In many applications of machine learning, the machine learning model accuracy is the most important consideration, and knowing the uncertainty of those predictions is not critical. For example, for a clothing recommendation engine, it is important that on average it suggests clothes that a customer would like to buy. It is acceptable for it to occasionally recommend an article of clothing that a customer dislikes, as long as its average performance is high.
At Citrine, we recognize that building accurate models for materials properties is not enough.
In order for data-driven models to be useful in materials science applications, it is critical to have a reliable estimate of model uncertainty reported with every prediction.
For example, say that we have trained a model to predict band gap based on the Strehlow and Cook experimental dataset. We want to make predictions for the band gaps of a couple new compounds, tin monoxide (SnO) and nickel oxide (NiO). Our model predicts values of 2.4 eV and 2.8 eV respectively. The key question is, “How confident is our model in these predictions?”
There are many different sources of uncertainty in data-driven models. If the model was fit to noisy training data, then that noise will cause uncertainty in the model. If the model is fit to only a small number of data points, it will also have higher uncertainty. Another important source of uncertainty is extrapolation. For example, if we trained a model on the blue dots in the figure to the right, then tried to make a prediction at the red X, our prediction would have high uncertainty. Similarly, data-driven models are unreliable at making predictions on materials that are significantly different from any of the materials in the training set.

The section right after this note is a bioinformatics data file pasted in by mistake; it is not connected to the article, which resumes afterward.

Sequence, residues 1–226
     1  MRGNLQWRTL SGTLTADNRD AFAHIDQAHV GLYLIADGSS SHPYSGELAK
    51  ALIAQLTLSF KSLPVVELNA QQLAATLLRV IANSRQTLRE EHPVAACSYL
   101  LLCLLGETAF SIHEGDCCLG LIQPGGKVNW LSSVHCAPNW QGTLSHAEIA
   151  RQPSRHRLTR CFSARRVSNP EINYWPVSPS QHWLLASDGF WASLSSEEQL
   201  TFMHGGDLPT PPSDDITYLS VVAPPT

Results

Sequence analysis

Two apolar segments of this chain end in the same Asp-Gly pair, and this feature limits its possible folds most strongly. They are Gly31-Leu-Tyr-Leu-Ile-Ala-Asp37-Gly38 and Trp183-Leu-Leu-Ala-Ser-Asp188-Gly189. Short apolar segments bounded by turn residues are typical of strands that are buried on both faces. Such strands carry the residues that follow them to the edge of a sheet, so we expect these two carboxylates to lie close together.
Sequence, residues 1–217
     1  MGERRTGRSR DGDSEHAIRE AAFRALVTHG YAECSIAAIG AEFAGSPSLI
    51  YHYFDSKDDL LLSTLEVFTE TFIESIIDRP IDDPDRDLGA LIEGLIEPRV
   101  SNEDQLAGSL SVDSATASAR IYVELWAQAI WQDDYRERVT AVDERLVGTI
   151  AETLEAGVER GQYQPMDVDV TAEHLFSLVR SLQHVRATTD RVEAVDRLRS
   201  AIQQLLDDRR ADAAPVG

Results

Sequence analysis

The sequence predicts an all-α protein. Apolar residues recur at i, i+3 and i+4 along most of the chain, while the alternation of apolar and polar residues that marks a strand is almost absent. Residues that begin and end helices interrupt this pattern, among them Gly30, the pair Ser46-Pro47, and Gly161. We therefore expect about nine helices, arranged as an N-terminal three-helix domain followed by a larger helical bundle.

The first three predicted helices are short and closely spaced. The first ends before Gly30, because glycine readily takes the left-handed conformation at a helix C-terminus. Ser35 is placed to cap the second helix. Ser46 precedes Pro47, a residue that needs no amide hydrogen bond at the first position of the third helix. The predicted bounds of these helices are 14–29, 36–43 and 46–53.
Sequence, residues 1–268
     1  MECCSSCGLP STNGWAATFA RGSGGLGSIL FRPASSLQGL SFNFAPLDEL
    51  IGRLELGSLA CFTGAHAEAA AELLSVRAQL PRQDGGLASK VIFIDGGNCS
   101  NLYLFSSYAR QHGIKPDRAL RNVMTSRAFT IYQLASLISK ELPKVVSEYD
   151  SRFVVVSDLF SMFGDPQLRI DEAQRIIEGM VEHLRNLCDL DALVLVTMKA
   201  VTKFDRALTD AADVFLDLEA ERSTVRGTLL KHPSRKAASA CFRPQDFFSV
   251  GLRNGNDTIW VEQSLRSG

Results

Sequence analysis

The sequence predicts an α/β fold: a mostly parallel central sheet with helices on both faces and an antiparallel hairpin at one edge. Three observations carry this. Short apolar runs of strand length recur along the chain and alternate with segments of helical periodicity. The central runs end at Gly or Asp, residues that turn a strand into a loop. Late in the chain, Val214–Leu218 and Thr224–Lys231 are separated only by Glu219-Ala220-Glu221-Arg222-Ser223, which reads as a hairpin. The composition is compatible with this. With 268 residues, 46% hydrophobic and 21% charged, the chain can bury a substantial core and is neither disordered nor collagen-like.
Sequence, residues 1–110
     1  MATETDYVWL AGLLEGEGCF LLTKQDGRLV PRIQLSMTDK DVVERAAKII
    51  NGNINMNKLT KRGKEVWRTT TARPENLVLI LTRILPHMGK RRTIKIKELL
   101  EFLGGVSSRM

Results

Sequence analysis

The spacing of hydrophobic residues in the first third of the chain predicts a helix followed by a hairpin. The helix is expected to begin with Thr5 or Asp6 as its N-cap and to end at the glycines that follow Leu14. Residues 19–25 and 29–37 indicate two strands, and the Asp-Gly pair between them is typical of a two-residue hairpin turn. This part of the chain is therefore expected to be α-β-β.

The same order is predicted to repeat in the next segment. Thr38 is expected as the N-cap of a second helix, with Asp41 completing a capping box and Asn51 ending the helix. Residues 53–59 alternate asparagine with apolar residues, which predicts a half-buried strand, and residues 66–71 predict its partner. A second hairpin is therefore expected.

At Citrine, all our predictions come with uncertainty estimates. We have developed, implemented, and validated cutting edge uncertainty quantification methods for data-driven materials models. For more details on our uncertainty quantification techniques and how they can be used to accelerate materials design, please see our recent paper.1
In the cases of SnO and NiO, our predictions are shown below.
These plots show the probability distribution function for our prediction. For example, in the case of SnO, the mean value of the distribution is 2.45 eV and the uncertainty of 0.78 eV is based on the spread of the distribution at one standard deviation. Since the uncertainty estimates are based on the standard deviation of the distribution, they are a 68% confidence interval, i.e. the probability that the true value is within 0.75 eV of the prediction (2.45 eV) is 68%.
The model uncertainty for NiO (1.41 eV) is much higher than for SnO (0.78 eV), in part because the training set included far fewer compounds containing nickel than tin. The higher uncertainty in the NiO predictions reflects the fact that the model is extrapolating at this point. The true band gap for SnO is approximately 2.5 eV and for NiO is approximately 3.8 eV.2
At Citrine, we know that uncertainty estimates are critical for assessing model confidence when using data-driven models for real engineering applications. We are proud to be leading the field by providing well-calibrated uncertainty estimates for all our predictions.3
- Ling, Julia, et al. “High-Dimensional Materials and Process Optimization using Data-driven Experimental Design with Well-Calibrated Uncertainty Estimates.” Integrating Materials and Manufacturing Innovation (2017).
- Wong, Terence KS, et al. “Current status and future prospects of copper oxide heterojunction solar cells.” Materials 9.4 (2016): 271.
- This work was funded in part by Argonne National Laboratories through contract 6F-31341, associated with the R2R Manufacturing Consortium funded by the Department of Energy Advanced Manufacturing Office.